Tuesday, February 10, 2009

Ronald Merrill on Rand and Music

Ronald MerriII's The Ideas of Ayn Rand was (at least, as far as I can remember) my first exposure to an in-depth critical look at Rand's ideas on esthetics, and my first exposure to the claim that her theory was ill-equipped to deal with the phenomenon of music. His claim is that Rand attempted to do for esthetics what she did for ethics: put the field on a firm logical foundation, and make it possible to make esthetic judgments on the basis of objective standards. In this task she was only partly successful.
His criticism targets Rand's definition as being flawed, her definition of art as "a selective re-creation of reality according to the artist's metaphysical value-judgments":
Ayn Rand's views on the esthetics of music are symptomatic of serious confusion. Anyone who can assert that Beethoven had a "malevolent sense of life", or that Wagner "destroyed melody" clearly cannot be relied on as a guide to musical evaluation. To be fair, Rand herself never claimed (at least in print) that she possessed an esthetic theory for music, and indeed explicitly conceded that she was unable to present such a theory.
MerriII's claim above is being echoed throughout the internet to this day! So what of it? MerriII is not surprised that Rand could not present such a theory because "if one accepts Rand's definition of art, it is not clear how music can qualify. It scarcely seems to be a 'representation of reality' in the sense that the definition is used for literature or the visual arts."

Perhaps inspired by Fantasia, MerriII goes on to compare music to abstract art, and challenges the Objectivist rejection of such:
Many people...would say that non-representational paintings are not important art, that they might better be classed as decoration. Even so, they can convey a sense of life, albeit only in a mild and very generalized form.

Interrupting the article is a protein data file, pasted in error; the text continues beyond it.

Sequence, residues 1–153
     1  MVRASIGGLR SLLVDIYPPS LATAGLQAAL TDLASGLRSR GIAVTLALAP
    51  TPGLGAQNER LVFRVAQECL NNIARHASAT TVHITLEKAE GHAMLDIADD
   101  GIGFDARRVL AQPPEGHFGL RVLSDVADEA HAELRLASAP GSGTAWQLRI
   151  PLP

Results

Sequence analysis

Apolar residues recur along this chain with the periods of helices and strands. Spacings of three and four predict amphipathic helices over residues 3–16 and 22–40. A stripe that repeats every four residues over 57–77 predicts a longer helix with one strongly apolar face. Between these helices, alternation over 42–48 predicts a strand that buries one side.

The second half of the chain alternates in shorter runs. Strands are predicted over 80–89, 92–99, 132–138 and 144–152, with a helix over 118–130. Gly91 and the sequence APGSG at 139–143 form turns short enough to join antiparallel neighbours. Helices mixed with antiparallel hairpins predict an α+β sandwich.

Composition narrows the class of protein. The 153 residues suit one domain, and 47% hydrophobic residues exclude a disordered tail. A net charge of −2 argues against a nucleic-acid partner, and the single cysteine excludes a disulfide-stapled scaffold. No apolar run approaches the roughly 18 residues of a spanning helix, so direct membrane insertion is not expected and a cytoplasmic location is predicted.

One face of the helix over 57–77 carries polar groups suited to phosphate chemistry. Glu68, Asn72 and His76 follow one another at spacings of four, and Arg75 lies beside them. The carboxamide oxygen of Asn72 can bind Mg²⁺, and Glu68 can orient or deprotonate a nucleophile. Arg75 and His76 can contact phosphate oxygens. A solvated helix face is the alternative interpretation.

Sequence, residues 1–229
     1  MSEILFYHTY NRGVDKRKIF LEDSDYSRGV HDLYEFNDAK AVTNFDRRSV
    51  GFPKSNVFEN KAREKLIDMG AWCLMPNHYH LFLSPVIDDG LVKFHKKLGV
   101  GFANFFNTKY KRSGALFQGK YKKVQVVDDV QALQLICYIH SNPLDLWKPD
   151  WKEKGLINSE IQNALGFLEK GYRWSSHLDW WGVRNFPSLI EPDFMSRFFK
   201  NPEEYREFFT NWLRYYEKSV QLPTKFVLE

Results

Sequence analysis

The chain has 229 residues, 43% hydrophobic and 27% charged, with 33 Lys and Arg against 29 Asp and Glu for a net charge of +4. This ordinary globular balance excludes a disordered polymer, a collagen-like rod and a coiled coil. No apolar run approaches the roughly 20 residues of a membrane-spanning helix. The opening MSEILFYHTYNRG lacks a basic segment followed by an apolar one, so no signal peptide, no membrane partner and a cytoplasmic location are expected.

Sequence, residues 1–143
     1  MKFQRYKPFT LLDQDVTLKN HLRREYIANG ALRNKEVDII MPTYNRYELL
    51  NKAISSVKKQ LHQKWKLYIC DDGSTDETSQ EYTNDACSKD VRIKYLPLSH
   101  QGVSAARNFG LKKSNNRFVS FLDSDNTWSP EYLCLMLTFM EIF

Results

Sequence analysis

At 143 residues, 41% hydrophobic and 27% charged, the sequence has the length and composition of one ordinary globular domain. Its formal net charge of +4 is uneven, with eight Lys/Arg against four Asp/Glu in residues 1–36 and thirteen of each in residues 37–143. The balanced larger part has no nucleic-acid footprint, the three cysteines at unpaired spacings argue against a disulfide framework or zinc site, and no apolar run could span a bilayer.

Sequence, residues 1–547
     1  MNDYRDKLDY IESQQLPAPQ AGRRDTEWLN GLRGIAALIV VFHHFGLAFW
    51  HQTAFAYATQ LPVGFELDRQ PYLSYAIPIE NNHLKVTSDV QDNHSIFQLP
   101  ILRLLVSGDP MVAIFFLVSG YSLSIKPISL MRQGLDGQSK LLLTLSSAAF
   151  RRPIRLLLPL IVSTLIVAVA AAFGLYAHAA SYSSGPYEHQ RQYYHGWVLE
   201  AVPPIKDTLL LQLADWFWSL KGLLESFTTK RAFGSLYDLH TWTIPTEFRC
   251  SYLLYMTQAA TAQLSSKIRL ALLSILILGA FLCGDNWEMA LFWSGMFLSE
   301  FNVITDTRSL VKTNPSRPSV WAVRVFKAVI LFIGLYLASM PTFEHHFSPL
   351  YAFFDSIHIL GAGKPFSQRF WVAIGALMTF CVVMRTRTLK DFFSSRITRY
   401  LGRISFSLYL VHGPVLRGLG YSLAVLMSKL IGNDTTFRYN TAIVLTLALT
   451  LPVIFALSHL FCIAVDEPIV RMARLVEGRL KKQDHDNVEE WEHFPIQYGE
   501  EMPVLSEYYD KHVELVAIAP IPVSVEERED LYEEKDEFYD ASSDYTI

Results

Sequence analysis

If one is tempted to argue away the case for abstract art, he also goes after a dance comparison, since Rand did consider dance a "performing" art:
Rand interprets dance as a "re-creation" of human body movements, capturing the grace and fluidity by omitting the unessential. This is perhaps acceptable when discussing, say, ballet; but when we consider Rand's favorite variety-tap dancing-it is rather less satisfactory.
So now we get to Merrill's defense of why he thinks Rand's definition of art is flawed. He claims that "these problems arise because Rand's definition of art is fundamentally flawed. It violates an important principle of epistemology: Every man-made entity is properly defined in terms of its function." With this said, he attempts to modify Rand's definition:
To begin with, it is certainly true that all art is man-made; a painting of a landscape may be art, but not the landscape itself. There is our genus. What is the function of art? Note that when we speak of function, we mean the purpose from the point of view of the user. For what purpose do we use art? What we seek from a work of art is to be induced to feel an emotion-specifically, a sense of life. There is our differentia. Thus the correct definition of art is: A man-made object or process the function of which is to induce a sense of life in the observer. Though this definition does not immediately lead to an esthetics of music, it at least does not make the problem more difficult, as Rand's does.
I want to agree with Merrill, because his tweaking does seem to simplify the problem. Commentators such as Torres and Kamhi, in their book What Art Is: The Esthetic Theory of Ayn Rand, make it hard to do so, however, with their rebuttals. (Sadly, Merrill is no longer with us, though there was some discussion of the matter between him and his critics that was cut short.) But I am indebted to Merrill for at least bringing the problems of Rand's approach to music to my attention. Although I don't know if I should thank him or curse him for it...;)

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